THE Wheatbelt's vibrant economy, livable communities, natural environment and clever people are the characteristics that will frame the way the region is viewed into the future, according to Wheatbelt Development Commission chairman Tim Shackleton.
Speaking at the Committee for Economic Development of Australia (CEDA) The Future of the Wheatbelt event in Northam, Mr Shackleton gave his perspective on of the future of the Wheatbelt to a sold out audience.
The second event in CEDA's 10-part State of the Regions series saw 180 people from government, business and the academic community gather to celebrate, dissect and focus on the Wheatbelt's future.
The outcomes from each forum will be captured and contribute to an overarching report on regional WA, to be launched in 2016 at CEDA's signature event State of the Nation in Canberra.
"This an unashamed advertisement for the future of the Wheatbelt," Mr Shackleton said.
"I genuinely believe in it, I accept wholeheartedly that things are not perfect and there are many serious challenges ahead.
"However I hope you too can come to feel as optimistic about the region as we do at the Wheatbelt Development Commission."
Mr Shackleton said the Wheatbelt had a surprisingly adaptive and diverse economy, which built well on its natural assets and aligned with State, national and international markets.
"The Wheatbelt has recorded strong economic growth over the past 10 years, with a gross regional product (GRP) increasing by an average annual rate of 6.6 per cent compared to the gross state product (GSP) across the whole of WA throughout the same period of 4.9pc," he said.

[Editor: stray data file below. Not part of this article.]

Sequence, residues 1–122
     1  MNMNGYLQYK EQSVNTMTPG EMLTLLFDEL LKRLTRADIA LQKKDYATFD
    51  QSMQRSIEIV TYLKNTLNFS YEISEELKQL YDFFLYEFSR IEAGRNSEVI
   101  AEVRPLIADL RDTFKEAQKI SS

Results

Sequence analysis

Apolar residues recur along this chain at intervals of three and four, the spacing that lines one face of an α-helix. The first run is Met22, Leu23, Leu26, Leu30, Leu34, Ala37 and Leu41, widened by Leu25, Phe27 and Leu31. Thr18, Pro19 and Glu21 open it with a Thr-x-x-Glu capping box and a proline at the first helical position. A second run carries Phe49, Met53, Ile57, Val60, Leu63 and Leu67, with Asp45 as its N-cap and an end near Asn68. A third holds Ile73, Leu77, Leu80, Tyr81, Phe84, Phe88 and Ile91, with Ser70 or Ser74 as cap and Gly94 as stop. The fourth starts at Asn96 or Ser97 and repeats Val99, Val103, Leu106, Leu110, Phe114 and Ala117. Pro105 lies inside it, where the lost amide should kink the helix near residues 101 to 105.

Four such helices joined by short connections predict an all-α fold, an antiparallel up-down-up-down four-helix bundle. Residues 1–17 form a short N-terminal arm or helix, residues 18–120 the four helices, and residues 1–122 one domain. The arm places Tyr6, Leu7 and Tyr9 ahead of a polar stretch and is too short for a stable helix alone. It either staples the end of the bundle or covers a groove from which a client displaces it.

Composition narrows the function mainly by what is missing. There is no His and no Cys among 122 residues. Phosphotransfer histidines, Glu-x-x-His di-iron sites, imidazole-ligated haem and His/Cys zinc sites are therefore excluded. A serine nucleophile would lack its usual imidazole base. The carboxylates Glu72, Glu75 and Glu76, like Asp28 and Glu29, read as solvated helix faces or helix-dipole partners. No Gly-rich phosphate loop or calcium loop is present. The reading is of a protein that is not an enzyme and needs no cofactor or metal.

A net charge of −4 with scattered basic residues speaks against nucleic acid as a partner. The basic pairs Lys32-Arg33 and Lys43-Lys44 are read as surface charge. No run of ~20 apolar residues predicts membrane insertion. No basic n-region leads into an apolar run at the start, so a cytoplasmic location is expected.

"This growth has occurred across an increasingly diverse economic base with growth in mining, transport and logistics, manufacturing and construction and of course they are underpinned by a strong and dominant agricultural sector."
Mr Shackleton said the Wheatbelt regional blueprint had set a bold aspirational target of 6.8pc growth in GRP each year to 2050.
"That sounds a very ambitious target, and indeed when I first heard it I thought that didn't sound right, but when you look at the performance of the region over the past 10 years, growth of 6.8pc over the next 25-30 years is certainly possible," he said.
"The Wheatbelt, in my view, and it's generally understood, is outperforming the majority of the regions in the State in terms of GRP."
In addition to its economy, Mr Shackleton said the region had diverse, safe, healthy and resilient communities where services and infrastructure reflected the needs and aspirations of residents.
"In the Department of Regional Development's Living in the Regions report released earlier this year, the Wheatbelt was assessed as being the safest and the most community minded region in WA," he said.
"Our population is just under 75,000 and again in the Wheatbelt regional blueprint we have set a bold and aspirational target of 180,000 people living and working in our region by 2050."
Mr Shackleton said the Wheatbelt's unique natural amenities and environment were a valued asset for social, cultural and economic development.
"It might surprise you to know that approximately 60pc of the State's natural energy production comes from the Wheatbelt," he said.
"It is true our region is facing some serious challenges adapting to life without as much rain as we are used to, but all signs are that those areas that are affected the most will make the necessary changes and move forward, albeit with a different economic focus than in previous years."
Mr Shackleton said the region's people were doing clever and innovative things to create both social and economic returns for their communities.